Newswise — AMES, Iowa – The pandemic has taken a steep toll on mental health in many of Iowa’s rural communities, according to survey data gathered by an Iowa State University rural sociologist.
The pandemic strained the mental health and personal relationships of many rural Iowans, while residents in larger towns tended to report physical health and economic challenges with greater frequency, according to the survey data collected between December 2020 and February 2021. The results illustrate how the pandemic impacted communities in different ways and can inform how public policies are constructed to address these challenges, said David Peters, a professor of sociology at Iowa State University who led the survey effort.
“We know all towns aren’t the same and didn’t experience the pandemic the same way,” Peters said. “Different communities have different needs, so you need a range of programs to help small towns recover from the pandemic.”
The survey asked respondents in 73 Iowa communities to evaluate how the pandemic has affected various aspects of their lives, including their physical and mental health as well as their financial situation. The survey also asked questions regarding respondents’ perceptions of the pandemic and the government response to the public health crisis. The results, including an overall report and statistics for individual communities, are available for download on the Iowa Small Towns Project website (https://smalltowns.soc.iastate.edu/covid19/).
The researchers broke down the survey results by community population, revealing trends that mark how the pandemic affected smaller communities differently than larger ones.
The survey found respondents in the smallest towns were more likely to report worsening mental health and relationships as a result of the pandemic than they were to report worsening physical health. For instance, about 20 percent of respondents in towns with populations under 3,000 reported that their physical health is worse off as a result of the pandemic, but about twice as many respondents in such communities reported worsening mental health. Nearly 40% of respondents in towns smaller than 3,000 also reported that the pandemic had worsened their relationships with close friends.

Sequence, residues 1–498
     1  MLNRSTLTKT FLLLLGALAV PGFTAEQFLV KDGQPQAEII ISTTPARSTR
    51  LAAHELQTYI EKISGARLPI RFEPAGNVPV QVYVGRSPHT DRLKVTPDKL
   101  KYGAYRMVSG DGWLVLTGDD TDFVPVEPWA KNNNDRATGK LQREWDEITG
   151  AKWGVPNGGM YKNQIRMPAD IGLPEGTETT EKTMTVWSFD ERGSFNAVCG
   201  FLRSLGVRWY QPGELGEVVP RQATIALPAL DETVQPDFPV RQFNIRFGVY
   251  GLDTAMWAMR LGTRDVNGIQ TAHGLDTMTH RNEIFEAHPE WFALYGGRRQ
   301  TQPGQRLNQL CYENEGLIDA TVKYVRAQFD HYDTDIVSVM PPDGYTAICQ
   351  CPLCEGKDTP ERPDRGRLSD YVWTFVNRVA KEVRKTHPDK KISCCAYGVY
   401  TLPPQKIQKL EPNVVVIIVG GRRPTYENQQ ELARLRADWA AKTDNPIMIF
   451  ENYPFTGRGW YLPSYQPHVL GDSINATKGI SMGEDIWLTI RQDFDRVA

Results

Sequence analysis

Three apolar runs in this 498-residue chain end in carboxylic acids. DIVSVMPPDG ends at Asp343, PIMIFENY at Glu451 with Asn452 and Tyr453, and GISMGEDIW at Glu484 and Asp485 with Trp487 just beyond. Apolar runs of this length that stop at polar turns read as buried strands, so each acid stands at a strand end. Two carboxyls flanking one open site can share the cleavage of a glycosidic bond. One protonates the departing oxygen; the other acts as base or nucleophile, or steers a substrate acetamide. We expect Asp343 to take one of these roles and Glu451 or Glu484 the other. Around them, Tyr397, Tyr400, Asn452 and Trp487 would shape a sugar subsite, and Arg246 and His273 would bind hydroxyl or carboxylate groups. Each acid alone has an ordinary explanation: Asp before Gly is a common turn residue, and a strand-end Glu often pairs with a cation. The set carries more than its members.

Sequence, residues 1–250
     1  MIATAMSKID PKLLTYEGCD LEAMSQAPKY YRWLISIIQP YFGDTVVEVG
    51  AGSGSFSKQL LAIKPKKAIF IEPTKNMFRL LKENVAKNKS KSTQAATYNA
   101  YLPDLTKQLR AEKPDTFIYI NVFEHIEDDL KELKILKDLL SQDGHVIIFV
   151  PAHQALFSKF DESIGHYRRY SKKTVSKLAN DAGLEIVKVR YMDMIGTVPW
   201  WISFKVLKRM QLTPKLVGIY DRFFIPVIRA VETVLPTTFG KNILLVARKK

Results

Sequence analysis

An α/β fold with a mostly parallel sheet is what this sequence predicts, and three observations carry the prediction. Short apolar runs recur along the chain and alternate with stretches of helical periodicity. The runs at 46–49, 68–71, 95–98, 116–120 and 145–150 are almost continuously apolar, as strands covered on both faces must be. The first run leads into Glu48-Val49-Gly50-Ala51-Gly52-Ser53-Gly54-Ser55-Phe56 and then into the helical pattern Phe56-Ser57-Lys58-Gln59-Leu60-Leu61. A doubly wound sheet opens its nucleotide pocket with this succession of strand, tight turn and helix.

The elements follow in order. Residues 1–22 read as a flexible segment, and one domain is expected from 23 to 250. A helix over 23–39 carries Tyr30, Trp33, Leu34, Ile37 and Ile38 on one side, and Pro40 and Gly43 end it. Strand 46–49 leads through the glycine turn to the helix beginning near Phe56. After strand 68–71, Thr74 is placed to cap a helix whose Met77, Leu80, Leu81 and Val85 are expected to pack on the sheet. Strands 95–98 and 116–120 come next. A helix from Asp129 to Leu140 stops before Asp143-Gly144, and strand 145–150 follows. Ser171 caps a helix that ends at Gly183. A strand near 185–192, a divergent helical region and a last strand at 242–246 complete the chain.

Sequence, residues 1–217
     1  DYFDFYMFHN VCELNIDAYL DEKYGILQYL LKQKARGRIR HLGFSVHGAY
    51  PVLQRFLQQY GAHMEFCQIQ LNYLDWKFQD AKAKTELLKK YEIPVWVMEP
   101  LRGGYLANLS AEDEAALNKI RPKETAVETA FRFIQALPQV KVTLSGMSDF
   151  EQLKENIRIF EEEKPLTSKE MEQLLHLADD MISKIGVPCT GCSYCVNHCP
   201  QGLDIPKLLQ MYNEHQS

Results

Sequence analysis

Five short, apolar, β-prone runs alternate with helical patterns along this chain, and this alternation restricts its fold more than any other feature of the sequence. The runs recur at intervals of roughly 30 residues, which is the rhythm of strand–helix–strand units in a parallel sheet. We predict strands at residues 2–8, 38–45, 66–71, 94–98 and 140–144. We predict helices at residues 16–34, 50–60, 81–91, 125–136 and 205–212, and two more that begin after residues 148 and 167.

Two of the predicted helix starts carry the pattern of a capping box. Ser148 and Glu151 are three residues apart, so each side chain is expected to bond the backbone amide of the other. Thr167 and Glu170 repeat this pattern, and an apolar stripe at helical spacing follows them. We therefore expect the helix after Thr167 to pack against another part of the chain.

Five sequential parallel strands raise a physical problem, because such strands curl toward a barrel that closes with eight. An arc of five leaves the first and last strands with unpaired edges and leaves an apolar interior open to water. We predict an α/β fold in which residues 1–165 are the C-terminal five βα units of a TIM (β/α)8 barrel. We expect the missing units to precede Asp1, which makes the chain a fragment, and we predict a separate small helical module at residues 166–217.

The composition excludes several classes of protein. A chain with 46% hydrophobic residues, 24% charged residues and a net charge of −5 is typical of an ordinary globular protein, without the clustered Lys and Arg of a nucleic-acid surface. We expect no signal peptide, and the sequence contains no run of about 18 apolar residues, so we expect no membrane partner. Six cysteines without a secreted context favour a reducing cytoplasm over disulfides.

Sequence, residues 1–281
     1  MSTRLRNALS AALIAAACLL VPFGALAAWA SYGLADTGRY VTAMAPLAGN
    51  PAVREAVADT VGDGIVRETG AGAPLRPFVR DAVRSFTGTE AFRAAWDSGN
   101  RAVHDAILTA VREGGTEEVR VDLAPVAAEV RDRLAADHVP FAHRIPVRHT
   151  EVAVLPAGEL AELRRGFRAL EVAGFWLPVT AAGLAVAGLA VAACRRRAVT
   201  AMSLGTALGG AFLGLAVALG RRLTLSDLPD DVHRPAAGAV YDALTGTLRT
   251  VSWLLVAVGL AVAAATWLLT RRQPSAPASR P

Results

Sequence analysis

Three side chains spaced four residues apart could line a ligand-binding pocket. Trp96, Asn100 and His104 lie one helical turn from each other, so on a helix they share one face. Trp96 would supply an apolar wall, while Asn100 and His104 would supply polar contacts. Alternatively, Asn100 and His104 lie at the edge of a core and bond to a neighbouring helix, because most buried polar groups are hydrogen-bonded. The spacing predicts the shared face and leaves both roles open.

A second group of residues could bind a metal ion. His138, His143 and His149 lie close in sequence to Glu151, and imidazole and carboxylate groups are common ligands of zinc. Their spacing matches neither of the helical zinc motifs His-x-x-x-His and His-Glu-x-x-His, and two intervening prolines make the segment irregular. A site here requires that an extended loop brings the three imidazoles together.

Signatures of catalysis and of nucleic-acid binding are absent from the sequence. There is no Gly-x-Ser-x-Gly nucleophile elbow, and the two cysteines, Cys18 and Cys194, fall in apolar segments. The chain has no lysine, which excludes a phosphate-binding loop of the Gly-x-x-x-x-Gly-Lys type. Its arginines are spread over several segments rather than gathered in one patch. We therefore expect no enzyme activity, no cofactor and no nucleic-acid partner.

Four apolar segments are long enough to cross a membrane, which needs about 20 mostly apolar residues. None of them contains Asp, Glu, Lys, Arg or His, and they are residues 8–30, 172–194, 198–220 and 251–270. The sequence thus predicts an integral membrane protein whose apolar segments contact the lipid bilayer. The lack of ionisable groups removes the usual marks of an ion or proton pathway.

Economic impacts were relatively less widespread in the smallest communities, according to the survey. For instance, fewer than 5% of respondents in the smallest communities reported their housing situation worsened, and just over 15% said their employment situation was worse off.
In larger communities and in towns with meatpacking facilities, however, more respondents said their physical health and economic situation took a toll as a result of the pandemic. For instance, about a quarter of respondents from communities identified as meatpacking towns said their physical health was worse off and about a third of respondents in meatpacking towns said their personal financial situation had worsened.
The four meatpacking towns included in the surveys were Columbus Junction, Storm Lake, West Liberty and Denison, all of which have minority populations that exceed 60% of the total community population. Peters said minority populations and meatpacking workers tended to suffer heavier burdens due to the pandemic, which is reflected in the survey data. The researchers worked with partner organizations such as the League of United Latin American Citizens and Solidarity with Food Processing Workers to reach residents in the four meatpacking towns to ensure vulnerable populations were properly represented in the results.
The relatively low percentage of respondents who reported the pandemic worsening their physical health may appear to suggest the pandemic was not as severe in rural Iowa, but Peters said per capita mortality rates derived with CDC data don’t bear that out. Rural counties in Iowa with a town of 2,500 or more suffered 270 COVID-19 deaths per 100,000 residents, higher than the national rate of 225. Mortality rates reached 290 deaths per 100,000 residents in rural counties that have no town with a population of 2,500 or more. Peters said many rural residents may believe their communities to be less vulnerable to the coronavirus because of their relatively low population density.
“There’s this perception that people in smaller and rural communities, somehow because of their low density, COVID-19 doesn’t impact them,” he said. “We found there were different impacts. In smaller towns, physical health and economic health were less of a concern, but there are definitely mental health impacts.”
Peters and his colleagues received a grant from the National Science Foundation to conduct the survey, which reached nearly 14,000 households in 73 Iowa communities. More than 5,000 Iowans responded to the survey for a response rate of 38.2%. The survey has a margin of error of plus or minus 1.77% in towns under 3,000, plus or minus 3.8% in towns with populations of 3,000 to 4,999, plus or minus 3.47% in towns of 5,000 or more and plus or minus 3.01% in meatpacking towns.
Nicole Novak, a research assistant professor of community and behavioral health at the University of Iowa, and Mark Berg, an associate professor of sociology at the University of Iowa, also contributed to the project.